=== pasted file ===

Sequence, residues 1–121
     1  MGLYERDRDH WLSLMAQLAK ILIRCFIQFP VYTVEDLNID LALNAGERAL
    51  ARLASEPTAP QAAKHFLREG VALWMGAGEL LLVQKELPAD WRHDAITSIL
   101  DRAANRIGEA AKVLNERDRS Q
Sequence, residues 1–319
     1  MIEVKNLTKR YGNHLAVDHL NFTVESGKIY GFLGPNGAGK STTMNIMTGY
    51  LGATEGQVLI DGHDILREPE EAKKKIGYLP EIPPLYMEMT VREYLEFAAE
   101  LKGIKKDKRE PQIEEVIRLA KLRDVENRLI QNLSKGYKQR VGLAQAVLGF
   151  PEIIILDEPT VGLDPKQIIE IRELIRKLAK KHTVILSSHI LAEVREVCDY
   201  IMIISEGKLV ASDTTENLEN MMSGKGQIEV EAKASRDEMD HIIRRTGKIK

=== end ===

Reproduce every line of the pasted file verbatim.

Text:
Sequence, residues 1–121
     1  MGLYERDRDH WLSLMAQLAK ILIRCFIQFP VYTVEDLNID LALNAGERAL
    51  ARLASEPTAP QAAKHFLREG VALWMGAGEL LLVQKELPAD WRHDAITSIL
   101  DRAANRIGEA AKVLNERDRS Q
Sequence, residues 1–319
     1  MIEVKNLTKR YGNHLAVDHL NFTVESGKIY GFLGPNGAGK STTMNIMTGY
    51  LGATEGQVLI DGHDILREPE EAKKKIGYLP EIPPLYMEMT VREYLEFAAE
   101  LKGIKKDKRE PQIEEVIRLA KLRDVENRLI QNLSKGYKQR VGLAQAVLGF
   151  PEIIILDEPT VGLDPKQIIE IRELIRKLAK KHTVILSSHI LAEVREVCDY
   201  IMIISEGKLV ASDTTENLEN MMSGKGQIEV EAKASRDEMD HIIRRTGKIK